Should I Work Out When I'm Sick?
Should you work out when you're sick? Some experts use the “above-the-neck” rule to determine whether working out while sick is safe. That means exercise is most likely safe when symptoms are located from the neck up.
Tips for working out when it's a minor illness
It’s most likely OK to work out when you have a mild cold, earache, stuffy nose or sore throat. It's best to avoid the gym if you are experiencing more serious symptoms.
If you have a mild cold, practicing proper hygiene is a great way to prevent spreading your cold to others. Wash your hands frequently and cover your mouth when you sneeze or cough. Other things to keep in mins"
- Always practice proper hygiene at the gym, especially when you have a runny nose. Wipe down equipment after you’ve used it to avoid spreading germs.
- Though exercise is likely safe when you have an earache, try to avoid exercises that put pressure on the sinus region.
- Staying hydrated with cool water is a great way to soothe a sore throat during exercise so you can add activity into your day.
When exercise is not recommended
If you are experiencing symptoms like fever, vomiting, diarrhea or a productive cough, taking time off from the gym may be the best option for both your own recovery and the safety of others.
Other things to remember:
- Working out while you’re feverish increases the risk of dehydration and can make a fever worse. Also, having a fever decreases muscle strength and endurance and impairs precision and coordination, increasing risk of injury.
- A persistent cough can make it difficult to breathe, particularly when your heart rate rises during exercise. This makes you more likely to become short of breath and fatigued.
- Feeling weak is common when you have a stomach ailment, increasing the chance of injury during a workout. What’s more, many stomach illnesses like the stomach flu are highly contagious and can be easily spread to others.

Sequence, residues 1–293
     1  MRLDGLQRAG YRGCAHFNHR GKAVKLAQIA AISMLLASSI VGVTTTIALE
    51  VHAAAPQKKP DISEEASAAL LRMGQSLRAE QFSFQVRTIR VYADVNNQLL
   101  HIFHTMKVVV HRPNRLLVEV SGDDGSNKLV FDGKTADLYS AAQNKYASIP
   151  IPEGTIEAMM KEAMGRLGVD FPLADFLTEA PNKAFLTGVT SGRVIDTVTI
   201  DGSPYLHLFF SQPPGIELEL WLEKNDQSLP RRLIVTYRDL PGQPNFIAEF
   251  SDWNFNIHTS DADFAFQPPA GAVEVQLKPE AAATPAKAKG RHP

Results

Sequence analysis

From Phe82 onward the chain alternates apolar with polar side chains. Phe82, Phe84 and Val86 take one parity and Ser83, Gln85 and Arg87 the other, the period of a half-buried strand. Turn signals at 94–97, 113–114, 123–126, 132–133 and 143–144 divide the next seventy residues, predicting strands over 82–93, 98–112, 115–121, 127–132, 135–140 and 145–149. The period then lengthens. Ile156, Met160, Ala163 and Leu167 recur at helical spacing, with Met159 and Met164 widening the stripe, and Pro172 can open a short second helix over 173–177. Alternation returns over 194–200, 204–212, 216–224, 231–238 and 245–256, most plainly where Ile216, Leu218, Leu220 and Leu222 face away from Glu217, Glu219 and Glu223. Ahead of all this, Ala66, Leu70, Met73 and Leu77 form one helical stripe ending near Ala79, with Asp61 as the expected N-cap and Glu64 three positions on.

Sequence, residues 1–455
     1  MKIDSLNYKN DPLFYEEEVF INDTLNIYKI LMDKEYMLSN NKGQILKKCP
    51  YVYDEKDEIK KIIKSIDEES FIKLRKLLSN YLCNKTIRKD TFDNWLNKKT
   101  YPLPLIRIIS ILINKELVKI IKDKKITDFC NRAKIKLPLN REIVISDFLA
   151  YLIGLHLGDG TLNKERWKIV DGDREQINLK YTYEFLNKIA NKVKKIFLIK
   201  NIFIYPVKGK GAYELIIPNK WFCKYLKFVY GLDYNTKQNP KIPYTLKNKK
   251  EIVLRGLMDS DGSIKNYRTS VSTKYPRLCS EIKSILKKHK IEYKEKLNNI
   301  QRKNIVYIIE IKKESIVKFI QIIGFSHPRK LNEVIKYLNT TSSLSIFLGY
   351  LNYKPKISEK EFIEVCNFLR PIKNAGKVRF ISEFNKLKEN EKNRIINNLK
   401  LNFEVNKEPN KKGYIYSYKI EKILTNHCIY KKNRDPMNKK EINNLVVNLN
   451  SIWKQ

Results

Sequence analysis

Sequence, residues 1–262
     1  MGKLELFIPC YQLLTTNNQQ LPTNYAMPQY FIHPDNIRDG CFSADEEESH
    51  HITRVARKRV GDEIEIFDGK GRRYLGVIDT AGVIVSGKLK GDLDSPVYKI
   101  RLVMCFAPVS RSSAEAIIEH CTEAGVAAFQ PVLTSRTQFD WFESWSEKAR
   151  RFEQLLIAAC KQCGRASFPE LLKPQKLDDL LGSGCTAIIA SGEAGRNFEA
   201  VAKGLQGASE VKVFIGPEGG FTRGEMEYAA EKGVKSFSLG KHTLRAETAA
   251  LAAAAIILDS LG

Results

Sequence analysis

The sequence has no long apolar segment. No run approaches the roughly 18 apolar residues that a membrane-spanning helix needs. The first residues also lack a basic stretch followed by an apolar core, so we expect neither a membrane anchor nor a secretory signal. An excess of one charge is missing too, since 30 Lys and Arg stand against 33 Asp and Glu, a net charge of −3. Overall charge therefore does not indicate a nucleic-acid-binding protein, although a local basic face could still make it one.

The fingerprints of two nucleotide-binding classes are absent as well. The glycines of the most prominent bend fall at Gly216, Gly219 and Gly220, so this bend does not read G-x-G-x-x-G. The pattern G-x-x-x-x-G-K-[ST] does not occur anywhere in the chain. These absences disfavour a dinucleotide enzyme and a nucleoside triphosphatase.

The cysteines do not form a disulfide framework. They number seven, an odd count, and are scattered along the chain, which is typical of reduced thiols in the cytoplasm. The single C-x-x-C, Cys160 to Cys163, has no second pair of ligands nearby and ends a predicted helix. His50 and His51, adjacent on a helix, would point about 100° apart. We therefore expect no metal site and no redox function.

- Although not every person who gets the flu will experience a fever, those who do are at an increased risk of dehydration, making working out a bad idea. Though the majority of people recover from the flu in less than two weeks, choosing to engage in intense workouts while sick may prolong the flu and delay your recovery. This is because engaging in higher-intensity activity like running or a spin class temporarily suppresses the body’s immune response.
- If you have symptoms of COVID-19, or have been exposed to others that have, consider not going to the gym until symptoms abate and/or you are tested and receive a negative COVID test.
When is it OK to return to your routine?
Regular exercise can reduce your risk of becoming sick in the first place by boosting your immune system. However, it’s important to let your body completely recover from an illness before returning to your exercise routine, and you shouldn't stress even if you are unable to work out for an extended period of time.
As symptoms subside, gradually begin introducing more physical activity into your day, being careful not to overdo it.
Remember, your body may be feeling weak, especially if you are recovering from a stomach illness or the flu, and it’s important to pay attention to how you are feeling.
Waiting until symptoms completely subside before gradually getting back into your workout routine is a safe way to return to exercise after an illness.